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Appeal to clergy sex ruling could affect future cases

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A Missouri Court of Appeals is questioning a legal rule that has essentially treated religious schools differently from public schools when it comes to child sex crimes. A Missouri Court of Appeals is questioning a legal rule that has essentially treated religious schools differently from public schools when it comes to child sex crimes.
KANSAS CITY, MO (KCTV) -

A Missouri Court of Appeals is questioning a legal rule that has essentially treated religious schools differently from public schools when it comes to child sex crimes.

The case in question involves a man who recently reported a crime he says happened 40 years ago at the hands of his priest and teacher at St. Elizabeth's in Waldo.

David Tate filed the lawsuit against Father Michael Tierney and the Diocese of Kansas City and Saint Joseph in 2011. He said he had repressed memories of his abuse until he heard of other victims filing suit.

It was the early 1970s. Tate was an eighth-grader at St. Elizabeth's School. Tierney was his teacher and the priest who supervised altar boys at the church. Tate was an altar boy at the time.

Tate's lawyer says Tierney's supervising priest was aware that he was a risk around children.

"At least months before David Tate was abused, another individual had a similar experience, and he went to Father Thomas Reardon and told Father Thomas Reardon about the experiences," said attorney Rebecca Randles. "And that child was told, 'It's normal. Don't worry about it. And don't tell anyone.'"

But a circuit court threw out the suit against the diocese, saying the diocese could not be held liable because the alleged abuse happened off of church property.

"Everything the priest was doing grew out of the responsibilities to the church, even though he was taking the child off premises," said Randles. "It was during the school day, and he was taken from the school to the (priest's) mother's house with the idea that he was going over to help the priest move boxes."

Randles says that logic would apply if Tierney had been a teacher at a public school.

"When a teacher takes a child off premises, [the supervising authorities] are still responsible for the violation of that confidence because the teacher has so much of a powerful role in the life of that child," said Randles. "Well, a priest is the same way."

The trouble is that the Missouri Supreme Court ruled 16 years ago that religious institutions don't have the same the kind of liability that applies to public schools, police departments, trucking companies, remodeling corporations or any other kind of employer. That ruling came in a 1997 case, Gibson v. Brewer.

"Missouri created a whole new cause of action called ‘intentional failure to supervise clergy,'" Randles said.

The court ruled that many ordinary standards of negligence would amount to "excessive entanglement between church and state (which) has the effect of inhibiting religion, in violation of the First Amendment."

That church-specific variety of wrongdoing essentially said a religious institution could be accountable for its employees' actions only if the institution had specific knowledge of previous activity that would suggest that "harm was certain to occur or substantially certain to occur" and no action was taken to minimize that risk.

The allegation that the diocese knew about the risk of sexual abuse with Tierney would fit that level of wrongdoing, Randles said, but there was one other element in the Gibson case that caused a sticking point.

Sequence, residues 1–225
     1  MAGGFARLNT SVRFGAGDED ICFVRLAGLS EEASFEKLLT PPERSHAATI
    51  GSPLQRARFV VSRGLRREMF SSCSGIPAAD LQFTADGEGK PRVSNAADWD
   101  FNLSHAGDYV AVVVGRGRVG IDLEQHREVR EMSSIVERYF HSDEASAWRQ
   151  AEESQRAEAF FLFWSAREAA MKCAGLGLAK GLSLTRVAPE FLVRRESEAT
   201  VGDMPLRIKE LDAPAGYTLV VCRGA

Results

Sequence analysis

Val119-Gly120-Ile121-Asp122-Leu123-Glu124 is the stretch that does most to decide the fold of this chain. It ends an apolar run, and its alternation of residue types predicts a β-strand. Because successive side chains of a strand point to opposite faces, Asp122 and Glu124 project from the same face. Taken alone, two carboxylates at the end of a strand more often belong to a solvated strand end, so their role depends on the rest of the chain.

The court enumerated a number of requirements for Intentional Failure to Supervise Clergy.

The last item was "the other requirements" of a section of common law that is briefly called Restatement 317. One of those requirements is that the wrongdoing must occur on premises controlled by the employer.

Restatement 317 is not specific to religious institutions. It applies in many circumstances.

In the Gibson case, the actions did occur on church premises. But the Tate case under review now did not.

That is why the Western District Court of Appeals dismissed it. But it did so while expressing concern about the on-premises provision and asking that the Supreme Court take a closer look at which common law sections could apply.

Presiding Judge Mark Pfeiffer seemed to have some sympathy for the argument that Restatement 317 is not the only rule that could apply in the case of sexual abuse by clergy.

"It made sense for Gibson to rely upon section 317, because in Gibson, the tortuous acts of the priest did, in fact, occur on property," Pfeiffer wrote.

The judge pointed to other parts of the Gibson decision that seemed to stress the employer's knowledge as being more significant than where the act(s) occurred and referred to a different section of a more recent version of the common law that he considered more relevant to the present case.

That section refers to a type of employer or organization which has "a special relationship" with those being cared for by its employees.

Because prior cases determined on that section were not clergy sex abuses cases, the Appeals Court had no authority to rule based on that, but Pfeiffer quietly asked the Supreme Court to accept the case in order to "clarify" things.

Randle hopes that happens for the sake of her client's case and others that may come along in the future.

"Children should be the same amount of safe at a public school and at a parochial school," she said.

The diocese told KCTV5 it had no comment on the pending legal matter.

Randles said she plans to file the Supreme Court appeal later this week. She expects a decision to be made within a month.

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